In the home, humidity can be increased in several ways. A commercial humidifier may be used with good results, or shallow pebble trays filled with water may be placed in the growing area. Set the pots on the pebbles, keeping the water below the bottom of the pots. Paphs will thrive in a Wardian case, too, if one is available. Watering should be done as frequently as is necessary to keep the medium moist. Since there are many possible media to consider, each with a different consistency, from terrestrial to epiphytic, no set schedule can be specified here. However, remember that the more porous a medium actually is, the more quickly it will dry out. Also consider the potting container; a clay pot breathes, while a plastic pot does not. Any medium in clay pots will dry out more quickly than will the same medium in a plastic pot. See other notes on watering under the heading Fertilizer.
POTTING MEDIA. CONTAINERS. AND REPOTTING
A variety of containers may be used for paphiopedilum culture. However, the two most frequently utilized are clay and plastic pots. As mentioned in the previous section, the basic difference culturally in the two relates to the rate at which they dry out. Hence, the grower must adjust his watering practices accordingly.
The medium in which paphiopedilum species grow in nature is basically humus. Therefore, the medium used in cultivation should not be too dense, to allow for circulation of air through the medium. Try a generic mix comprised by volume of 4 parts fine fir bark, 3 parts medium-coarse shredded tree fern, 1.5 parts coarse perlite, 1.5 builder's sand, plus one-half pound of dried cow manure in each cubic foot of mix. The resulting medium is well-drained and has excellent nutrient retention characteristics. New Zealand sphagnum moss with fine hardwood charcoal is also been used. Rockwool, an inorganic medium, and peat based mixtures, such as ProMix BT® are being used with great sucess. However, one must be certain that the soil reaction (pH) of the mix is basic. If necessary, add dolomitic limestone as a top dressing on the medium in the pot to increase the pH to approximately 8.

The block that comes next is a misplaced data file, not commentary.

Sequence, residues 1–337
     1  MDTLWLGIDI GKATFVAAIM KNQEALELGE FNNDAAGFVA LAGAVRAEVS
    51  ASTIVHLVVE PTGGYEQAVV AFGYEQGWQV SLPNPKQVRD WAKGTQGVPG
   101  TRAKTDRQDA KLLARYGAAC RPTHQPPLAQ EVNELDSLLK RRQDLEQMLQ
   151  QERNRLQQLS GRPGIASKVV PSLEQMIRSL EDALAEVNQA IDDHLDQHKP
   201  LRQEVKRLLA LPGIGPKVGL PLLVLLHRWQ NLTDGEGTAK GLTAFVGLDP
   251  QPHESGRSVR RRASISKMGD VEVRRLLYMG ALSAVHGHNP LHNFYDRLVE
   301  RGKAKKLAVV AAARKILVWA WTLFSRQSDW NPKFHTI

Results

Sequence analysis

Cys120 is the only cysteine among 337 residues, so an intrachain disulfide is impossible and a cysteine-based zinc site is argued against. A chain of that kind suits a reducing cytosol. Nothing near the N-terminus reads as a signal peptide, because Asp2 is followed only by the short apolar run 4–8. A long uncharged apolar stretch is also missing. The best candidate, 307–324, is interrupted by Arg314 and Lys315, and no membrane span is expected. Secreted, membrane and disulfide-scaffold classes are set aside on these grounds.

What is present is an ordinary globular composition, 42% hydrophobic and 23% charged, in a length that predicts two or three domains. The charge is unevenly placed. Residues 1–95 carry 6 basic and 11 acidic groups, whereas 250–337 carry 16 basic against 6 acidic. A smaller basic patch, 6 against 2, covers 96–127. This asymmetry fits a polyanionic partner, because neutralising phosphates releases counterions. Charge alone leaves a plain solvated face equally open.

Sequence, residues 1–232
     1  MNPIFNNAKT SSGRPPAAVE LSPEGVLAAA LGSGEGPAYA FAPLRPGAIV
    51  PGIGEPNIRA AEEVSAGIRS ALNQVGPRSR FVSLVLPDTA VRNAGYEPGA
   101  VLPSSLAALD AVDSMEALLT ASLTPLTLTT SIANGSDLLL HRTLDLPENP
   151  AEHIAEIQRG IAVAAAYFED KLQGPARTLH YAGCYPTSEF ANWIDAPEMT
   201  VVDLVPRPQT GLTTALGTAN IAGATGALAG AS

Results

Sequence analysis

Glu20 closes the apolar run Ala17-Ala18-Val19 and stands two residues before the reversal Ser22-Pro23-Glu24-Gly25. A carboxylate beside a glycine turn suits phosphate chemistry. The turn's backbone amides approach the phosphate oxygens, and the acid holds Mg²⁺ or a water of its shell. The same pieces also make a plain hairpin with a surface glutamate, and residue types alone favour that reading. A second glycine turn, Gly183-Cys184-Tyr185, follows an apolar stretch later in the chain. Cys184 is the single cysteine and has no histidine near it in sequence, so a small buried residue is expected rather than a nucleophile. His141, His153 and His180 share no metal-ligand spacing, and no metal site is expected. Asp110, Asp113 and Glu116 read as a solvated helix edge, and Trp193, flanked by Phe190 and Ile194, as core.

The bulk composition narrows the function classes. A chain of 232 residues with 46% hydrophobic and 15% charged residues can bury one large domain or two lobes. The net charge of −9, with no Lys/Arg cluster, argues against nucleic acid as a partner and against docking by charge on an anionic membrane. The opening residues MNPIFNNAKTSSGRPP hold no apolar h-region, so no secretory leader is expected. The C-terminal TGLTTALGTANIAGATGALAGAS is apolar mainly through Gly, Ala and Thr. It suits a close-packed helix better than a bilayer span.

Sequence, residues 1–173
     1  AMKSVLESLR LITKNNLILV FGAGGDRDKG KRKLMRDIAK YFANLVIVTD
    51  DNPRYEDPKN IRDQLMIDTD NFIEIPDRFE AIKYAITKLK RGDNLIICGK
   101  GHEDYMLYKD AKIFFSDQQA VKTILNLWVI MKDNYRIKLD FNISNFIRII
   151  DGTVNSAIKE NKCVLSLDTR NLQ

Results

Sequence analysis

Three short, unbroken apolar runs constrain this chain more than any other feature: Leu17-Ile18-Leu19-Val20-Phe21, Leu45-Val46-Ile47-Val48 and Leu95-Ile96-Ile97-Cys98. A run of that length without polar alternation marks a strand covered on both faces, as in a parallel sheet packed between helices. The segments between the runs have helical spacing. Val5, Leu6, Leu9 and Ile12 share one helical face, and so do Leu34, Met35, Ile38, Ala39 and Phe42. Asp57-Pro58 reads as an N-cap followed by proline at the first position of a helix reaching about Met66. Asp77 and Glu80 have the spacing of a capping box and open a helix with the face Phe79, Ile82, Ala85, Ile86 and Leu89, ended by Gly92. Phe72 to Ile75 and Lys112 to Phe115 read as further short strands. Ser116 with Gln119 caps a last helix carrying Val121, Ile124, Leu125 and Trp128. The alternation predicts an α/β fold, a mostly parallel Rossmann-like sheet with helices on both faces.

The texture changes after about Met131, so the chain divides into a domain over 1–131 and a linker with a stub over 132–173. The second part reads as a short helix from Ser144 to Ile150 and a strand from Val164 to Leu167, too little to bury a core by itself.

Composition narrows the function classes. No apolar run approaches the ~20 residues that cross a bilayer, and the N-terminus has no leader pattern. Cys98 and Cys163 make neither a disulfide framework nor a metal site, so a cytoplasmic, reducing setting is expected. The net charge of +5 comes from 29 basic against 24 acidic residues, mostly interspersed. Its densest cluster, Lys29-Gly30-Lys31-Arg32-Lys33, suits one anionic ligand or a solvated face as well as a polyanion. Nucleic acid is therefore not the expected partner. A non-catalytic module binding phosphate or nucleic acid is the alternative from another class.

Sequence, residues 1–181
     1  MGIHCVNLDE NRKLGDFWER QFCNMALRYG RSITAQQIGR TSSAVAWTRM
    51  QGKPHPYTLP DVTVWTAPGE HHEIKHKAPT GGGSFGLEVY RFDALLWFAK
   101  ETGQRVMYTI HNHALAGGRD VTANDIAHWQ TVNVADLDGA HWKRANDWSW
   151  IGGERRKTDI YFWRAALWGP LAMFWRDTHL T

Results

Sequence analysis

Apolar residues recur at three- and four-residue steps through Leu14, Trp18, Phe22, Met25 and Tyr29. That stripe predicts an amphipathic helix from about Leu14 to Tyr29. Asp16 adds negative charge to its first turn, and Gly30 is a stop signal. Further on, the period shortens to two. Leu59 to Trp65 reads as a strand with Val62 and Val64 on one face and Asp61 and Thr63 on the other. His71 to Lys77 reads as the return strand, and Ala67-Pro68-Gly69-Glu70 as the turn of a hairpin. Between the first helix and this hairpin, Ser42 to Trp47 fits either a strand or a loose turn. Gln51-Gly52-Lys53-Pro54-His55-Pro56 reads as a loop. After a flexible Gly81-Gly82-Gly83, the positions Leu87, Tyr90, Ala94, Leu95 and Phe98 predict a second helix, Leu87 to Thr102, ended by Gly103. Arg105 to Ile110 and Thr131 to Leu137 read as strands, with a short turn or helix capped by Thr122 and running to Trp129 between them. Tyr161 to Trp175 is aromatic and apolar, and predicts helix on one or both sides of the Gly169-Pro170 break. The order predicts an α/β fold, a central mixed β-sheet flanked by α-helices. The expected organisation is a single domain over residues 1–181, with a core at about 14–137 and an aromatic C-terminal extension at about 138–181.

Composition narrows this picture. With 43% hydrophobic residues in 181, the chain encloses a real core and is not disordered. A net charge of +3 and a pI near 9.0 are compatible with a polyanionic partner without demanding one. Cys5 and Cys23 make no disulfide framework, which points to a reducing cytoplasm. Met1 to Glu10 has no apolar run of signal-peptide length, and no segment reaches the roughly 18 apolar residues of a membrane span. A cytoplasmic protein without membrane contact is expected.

Repot paphiopedilums only during periods of growth. Select plants to be handled when a new growth emerges from the side of the existing plant to insure that the plant will continue its vegetative growth cycle with a minimum of setback.
Paphiopedilums have sensitive roots, often few in number. Therefore, one must be extremely cautious in taking a plant out of a pot to change the medium and/or container. Each root is covered with tiny hair-like structures which are effective water gatherers. Do not be alarmed if plants just repotted do not show signs of adjustment for several weeks. This is normal and to some degree is a function of how carefully the plant was handled in the process.
FERTILIZERDuring the growing season, use 20-20-20 soluble fertilizer every 10-14 days at the rate of 1 teaspoon to a gallon of water. Remember that the roots of paphiopedilums are negatively sensitive to excess salts in the medium. Be certain to leach thoroughly between fertilizer applications to minimize the accumulation of salts which can cause root tip burn. Reduce frequency and rate of fertilization during the periods of reduced temperature and shorter days (November-March) in the northern hemisphere.
Again, the need to keep plant crowns dry is emphasized. Should rot occur, cut away the rotted area. Then treat the affected plants with a Physan solution prepared at a dilution rate of one teaspoon/gallon of water. The chemical may be poured into the crown or onto the potting medium surface. A Dithane M45 paste placed on the cut has also been very effective. A Dithane M45 at a dilution rate of one teaspoon/gallon has been extremely effective, in preventing rots, when sprayed in to healthy crowns.
Resist the temptation to move plants about after a flower stem and bud have appeared. Stake the stem as necessary while it is developing, but do not move the plant or a twisted, crooked inflorescence will result.====RECOMMENDED READING ====